Please also bear in mind that, even if using the SDR for claiming SOTA points was to be outlawed, there can be many reasons why somebody can be logged-on to the SDR. It is useful for monitoring one’s own signal for strength and distortion. It is a method of monitoring one band whilst the main radio is tuned elsewhere. It is a method of monitoring activity whilst away from the shack, especially with a WiFi connection. What it is not, in my opinion, is a viable method of regular SOTA chasing, but maybe others will think differently – their choice entirely. As Phil says, those activators that do not wish to participate in this way can just move a couple of kilohertz lower and be outside the tuneable passband, or choose another band.

So, just decoding somebody’s IP address on the SDR is not evidence of any wrongdoing, and I sincerely hope that there will no petulant outbursts on the Reflector or elsewhere claiming evidence of cheating. I, for one, will continue my practice of using my callsign as a log-in on the SDR as I have absolutely nothing to hide.

73 de Les, G3VQO
(personal views)

In reply to G3VQO:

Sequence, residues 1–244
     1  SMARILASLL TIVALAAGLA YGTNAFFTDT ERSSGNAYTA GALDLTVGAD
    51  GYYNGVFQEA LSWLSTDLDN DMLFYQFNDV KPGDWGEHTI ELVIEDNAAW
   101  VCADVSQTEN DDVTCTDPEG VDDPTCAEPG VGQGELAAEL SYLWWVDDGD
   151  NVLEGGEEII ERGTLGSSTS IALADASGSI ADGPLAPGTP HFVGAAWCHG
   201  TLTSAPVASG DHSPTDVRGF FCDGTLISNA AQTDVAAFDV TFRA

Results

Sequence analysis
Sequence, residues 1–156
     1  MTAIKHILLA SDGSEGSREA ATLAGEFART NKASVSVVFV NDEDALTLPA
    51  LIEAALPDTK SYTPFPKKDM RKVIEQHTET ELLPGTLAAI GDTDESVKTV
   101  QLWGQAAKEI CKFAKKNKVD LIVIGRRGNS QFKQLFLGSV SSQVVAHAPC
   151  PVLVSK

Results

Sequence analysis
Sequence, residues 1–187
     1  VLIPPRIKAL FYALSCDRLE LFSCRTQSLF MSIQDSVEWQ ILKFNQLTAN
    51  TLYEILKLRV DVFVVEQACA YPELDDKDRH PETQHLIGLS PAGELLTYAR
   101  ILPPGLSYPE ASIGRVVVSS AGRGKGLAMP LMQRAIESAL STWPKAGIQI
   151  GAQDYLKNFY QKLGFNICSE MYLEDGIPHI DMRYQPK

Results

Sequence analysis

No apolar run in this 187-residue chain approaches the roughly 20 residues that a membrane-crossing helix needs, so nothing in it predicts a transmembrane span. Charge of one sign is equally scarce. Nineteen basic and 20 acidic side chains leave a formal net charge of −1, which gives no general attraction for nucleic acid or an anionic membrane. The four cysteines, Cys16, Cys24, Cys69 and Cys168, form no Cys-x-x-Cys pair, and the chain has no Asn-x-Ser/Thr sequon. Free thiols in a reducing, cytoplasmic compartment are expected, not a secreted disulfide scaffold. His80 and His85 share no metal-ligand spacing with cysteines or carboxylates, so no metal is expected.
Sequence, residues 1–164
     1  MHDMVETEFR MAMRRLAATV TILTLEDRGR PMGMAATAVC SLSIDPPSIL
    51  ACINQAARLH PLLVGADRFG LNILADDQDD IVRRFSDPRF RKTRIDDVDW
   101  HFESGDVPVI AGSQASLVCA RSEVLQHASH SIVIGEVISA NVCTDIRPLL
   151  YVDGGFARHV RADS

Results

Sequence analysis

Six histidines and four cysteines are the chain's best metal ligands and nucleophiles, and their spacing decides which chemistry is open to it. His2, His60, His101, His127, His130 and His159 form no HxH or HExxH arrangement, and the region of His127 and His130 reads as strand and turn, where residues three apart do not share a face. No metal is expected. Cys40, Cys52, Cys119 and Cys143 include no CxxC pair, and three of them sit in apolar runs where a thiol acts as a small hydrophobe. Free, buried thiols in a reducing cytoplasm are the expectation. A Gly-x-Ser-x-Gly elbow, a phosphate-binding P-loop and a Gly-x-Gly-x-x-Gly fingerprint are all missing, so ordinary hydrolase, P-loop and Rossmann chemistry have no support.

In reply to G4OBK:

May I also remind everybody that, despite the vociferous views of a
few, and the doubts of many more, there is not actually any SOTA rule
that prohibits use of this SDR.

How much more conceited can you get Les? people are entitled to their view and just because you don’t agree with them there is no need to label them as vociferous. Surely the use of sdr for sota use contravines the use of repeaters because basically thats what it is.

I sincerely hope that there will no petulant outbursts on the Reflector or > elsewhere claiming evidence of cheating.

What constitutes a petulant outburst? Would that mean a comment from someone you don’t like or maybe a comment you disagree with?

Mike GW0DSP
(personal views also)

In reply to GW0DSP: